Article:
Terri said...

I so relate to everything that you wrote here. I think about the things that I did that caused shame for all my kids. In retrospect I realize that I just repeated patterns that I learned in my parental home. I work on it daily with my adult daughter that stays in our home a lot, my grandchildren and my spouse. I too am turning 50 this year, in two weeks actually. I have started working out and watching my diet. I want to be fit at 50 not just physically but emotionally as well. Good luck in achieving what you want in this new year, a milestone year.


notmyboy said...

My parents, mom especially, was the queen of shame. I learned to be shame-filled at her knee...although she tried her best with what she knew to do, so I don't blame her. She was just always comparing us (mainly just my sister and me...not my brother) to her friends' children. It stung to never measure up. My dad, on the other hand, used another tactic. He would shame us by not allowing us our feelings. He would constantly tell us we don't really feel XYZ, even when we tried to profess that we did. "Dad, I'm really scared" (him) "No, you aren't really scared. You are just being a baby." sigh
I really tried hard to not raise my children in shame, but I clearly did, as my son is a heroin addict. I feel tremendous shame knowing once and for all that I really was at the root of his addiction. I think in our mother's heart we all know this is true, despite what al-anon says to the contrary.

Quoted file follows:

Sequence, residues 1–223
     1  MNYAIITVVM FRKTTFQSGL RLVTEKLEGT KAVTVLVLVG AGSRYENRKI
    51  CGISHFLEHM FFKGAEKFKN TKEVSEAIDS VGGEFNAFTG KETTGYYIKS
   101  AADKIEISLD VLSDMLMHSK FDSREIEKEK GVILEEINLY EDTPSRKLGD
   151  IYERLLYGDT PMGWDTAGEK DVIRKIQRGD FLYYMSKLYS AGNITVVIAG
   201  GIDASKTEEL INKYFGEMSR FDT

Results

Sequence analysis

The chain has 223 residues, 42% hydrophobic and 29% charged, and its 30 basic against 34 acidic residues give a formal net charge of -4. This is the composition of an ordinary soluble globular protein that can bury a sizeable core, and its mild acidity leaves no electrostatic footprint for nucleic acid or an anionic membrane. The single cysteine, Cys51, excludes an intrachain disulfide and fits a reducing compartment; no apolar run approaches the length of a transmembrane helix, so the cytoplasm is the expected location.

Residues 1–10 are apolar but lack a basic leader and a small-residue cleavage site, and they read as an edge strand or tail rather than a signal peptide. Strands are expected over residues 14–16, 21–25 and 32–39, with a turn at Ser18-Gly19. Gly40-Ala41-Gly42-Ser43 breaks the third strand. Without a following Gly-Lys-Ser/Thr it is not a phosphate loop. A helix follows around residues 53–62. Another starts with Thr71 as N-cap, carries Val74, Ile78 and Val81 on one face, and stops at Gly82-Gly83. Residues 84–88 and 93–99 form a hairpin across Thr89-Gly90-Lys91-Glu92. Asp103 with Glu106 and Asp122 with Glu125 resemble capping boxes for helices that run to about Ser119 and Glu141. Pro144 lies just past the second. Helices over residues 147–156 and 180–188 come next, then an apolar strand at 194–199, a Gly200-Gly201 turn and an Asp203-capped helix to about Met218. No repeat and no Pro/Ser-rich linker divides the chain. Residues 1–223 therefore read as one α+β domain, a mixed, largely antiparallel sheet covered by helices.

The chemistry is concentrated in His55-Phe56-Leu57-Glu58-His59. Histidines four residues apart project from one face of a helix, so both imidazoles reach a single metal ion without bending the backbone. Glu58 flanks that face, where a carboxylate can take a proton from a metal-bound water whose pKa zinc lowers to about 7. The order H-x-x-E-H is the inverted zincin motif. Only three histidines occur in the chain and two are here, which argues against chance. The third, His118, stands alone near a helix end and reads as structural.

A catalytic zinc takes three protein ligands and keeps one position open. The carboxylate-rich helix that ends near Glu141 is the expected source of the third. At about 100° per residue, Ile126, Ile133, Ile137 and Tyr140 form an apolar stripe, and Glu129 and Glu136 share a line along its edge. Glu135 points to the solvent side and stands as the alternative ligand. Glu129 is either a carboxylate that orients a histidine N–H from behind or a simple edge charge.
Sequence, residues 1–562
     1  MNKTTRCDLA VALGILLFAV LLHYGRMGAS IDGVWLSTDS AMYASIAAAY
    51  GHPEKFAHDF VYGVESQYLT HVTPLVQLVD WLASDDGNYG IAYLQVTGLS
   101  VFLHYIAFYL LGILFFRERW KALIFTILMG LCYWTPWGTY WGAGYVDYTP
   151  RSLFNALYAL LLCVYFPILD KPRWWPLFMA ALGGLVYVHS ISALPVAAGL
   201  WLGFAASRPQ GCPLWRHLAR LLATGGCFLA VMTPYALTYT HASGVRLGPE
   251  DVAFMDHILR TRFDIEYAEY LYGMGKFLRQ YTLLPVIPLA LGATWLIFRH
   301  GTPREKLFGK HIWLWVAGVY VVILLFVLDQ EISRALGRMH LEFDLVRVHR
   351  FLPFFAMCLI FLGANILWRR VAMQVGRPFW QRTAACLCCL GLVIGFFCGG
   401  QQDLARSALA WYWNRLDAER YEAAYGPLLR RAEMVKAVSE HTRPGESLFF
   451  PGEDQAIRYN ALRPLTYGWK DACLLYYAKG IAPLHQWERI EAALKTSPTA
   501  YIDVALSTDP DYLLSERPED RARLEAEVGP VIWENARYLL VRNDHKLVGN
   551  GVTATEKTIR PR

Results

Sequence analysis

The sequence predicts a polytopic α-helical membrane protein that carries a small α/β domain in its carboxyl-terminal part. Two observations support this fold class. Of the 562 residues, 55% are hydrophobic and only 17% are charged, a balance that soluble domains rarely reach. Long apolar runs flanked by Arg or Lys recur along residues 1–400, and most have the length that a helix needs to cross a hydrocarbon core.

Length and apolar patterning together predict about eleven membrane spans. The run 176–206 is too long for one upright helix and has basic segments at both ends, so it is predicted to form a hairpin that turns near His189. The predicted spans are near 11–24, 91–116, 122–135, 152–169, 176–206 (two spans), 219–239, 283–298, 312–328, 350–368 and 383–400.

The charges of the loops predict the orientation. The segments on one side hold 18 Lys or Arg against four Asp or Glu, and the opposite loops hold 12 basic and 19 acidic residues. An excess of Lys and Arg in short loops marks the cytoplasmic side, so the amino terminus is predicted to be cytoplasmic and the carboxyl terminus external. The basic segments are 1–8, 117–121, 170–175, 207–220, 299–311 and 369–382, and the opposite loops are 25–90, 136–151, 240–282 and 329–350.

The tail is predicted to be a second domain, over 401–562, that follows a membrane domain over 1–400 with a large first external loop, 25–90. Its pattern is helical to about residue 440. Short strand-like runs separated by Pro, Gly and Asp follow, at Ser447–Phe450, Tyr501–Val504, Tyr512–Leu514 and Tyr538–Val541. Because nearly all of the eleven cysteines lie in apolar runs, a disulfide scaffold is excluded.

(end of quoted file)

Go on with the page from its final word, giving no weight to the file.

FYI, John Bradshaw has a six part talk on youtube called Healing the Shame the Binds You. It's worth a listen for anyone who hasn't read his book.

Maria said...

I believe this May be the first time I have commented even though I have been reading your blog for a while. Shame, perhaps our generation can relate to this more so than our youth. I just turned 51 last week. In a sense maybe shame kept society in check. We as youths would never have done what people are so carefree about today. Miley Cyrus dancing on TV. Naked texts and the list is never ending. Yet shame kept us from confessing the dark secrets of abuse that many suffered whether physical or mental. We suffered from our parents hands at times but I'm sure in some cases this treatment was passed from the previous generation. We as parents of addicts may feel the shame which comes with raising such a child. Perhaps we take the blame because we were taught to accept responsibility. But ultimately and especially as our addicts get older, we must understand that they are choosing and we are no longer to blame. I found the following saying in my church paper and have placed it on my fridge...I am not what happened to me. I am what I choose to become.

Hattie Heaton said...

Wow so many great comments. It is an interesting subject but one that I have to carefully take in. I can as most of us codepents do become the martyr. I can also overthink it, dwell on it and go into dark places grieving lost opportunities. But, I really read it to learn to identify my negative behaviors so that I can do it differently. Annette hurt people do hurt I've started to confront my issues and it is no fun! But, even the awareness of the shame that is so deeply embedded from generations past is good to unearth and discard. I'm starting on the recovery part of the book so I will post the "happies" that I learn as I read on! Thanks so much everyone. I loved hearing from each of you. And, notmyboy, thanks for the heads up of John Bradshaw on Youtube. Maria thanks for stopping by. You guys help me so much!!